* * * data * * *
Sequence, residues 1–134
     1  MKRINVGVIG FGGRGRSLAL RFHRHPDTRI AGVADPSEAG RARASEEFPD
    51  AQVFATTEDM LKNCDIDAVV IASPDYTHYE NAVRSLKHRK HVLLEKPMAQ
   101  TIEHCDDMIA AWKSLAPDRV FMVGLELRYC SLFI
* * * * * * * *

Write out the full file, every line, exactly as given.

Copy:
Sequence, residues 1–134
     1  MKRINVGVIG FGGRGRSLAL RFHRHPDTRI AGVADPSEAG RARASEEFPD
    51  AQVFATTEDM LKNCDIDAVV IASPDYTHYE NAVRSLKHRK HVLLEKPMAQ
   101  TIEHCDDMIA AWKSLAPDRV FMVGLELRYC SLFI